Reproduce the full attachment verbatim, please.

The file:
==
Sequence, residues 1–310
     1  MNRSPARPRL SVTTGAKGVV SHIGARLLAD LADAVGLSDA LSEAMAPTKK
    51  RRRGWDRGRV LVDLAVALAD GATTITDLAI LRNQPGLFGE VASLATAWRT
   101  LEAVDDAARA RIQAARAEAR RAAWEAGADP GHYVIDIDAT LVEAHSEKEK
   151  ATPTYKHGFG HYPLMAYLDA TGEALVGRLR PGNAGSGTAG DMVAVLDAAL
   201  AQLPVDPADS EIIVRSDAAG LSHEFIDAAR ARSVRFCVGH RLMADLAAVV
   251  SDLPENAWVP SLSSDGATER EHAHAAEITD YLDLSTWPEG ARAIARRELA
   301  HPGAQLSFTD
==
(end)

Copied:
Sequence, residues 1–310
     1  MNRSPARPRL SVTTGAKGVV SHIGARLLAD LADAVGLSDA LSEAMAPTKK
    51  RRRGWDRGRV LVDLAVALAD GATTITDLAI LRNQPGLFGE VASLATAWRT
   101  LEAVDDAARA RIQAARAEAR RAAWEAGADP GHYVIDIDAT LVEAHSEKEK
   151  ATPTYKHGFG HYPLMAYLDA TGEALVGRLR PGNAGSGTAG DMVAVLDAAL
   201  AQLPVDPADS EIIVRSDAAG LSHEFIDAAR ARSVRFCVGH RLMADLAAVV
   251  SDLPENAWVP SLSSDGATER EHAHAAEITD YLDLSTWPEG ARAIARRELA
   301  HPGAQLSFTD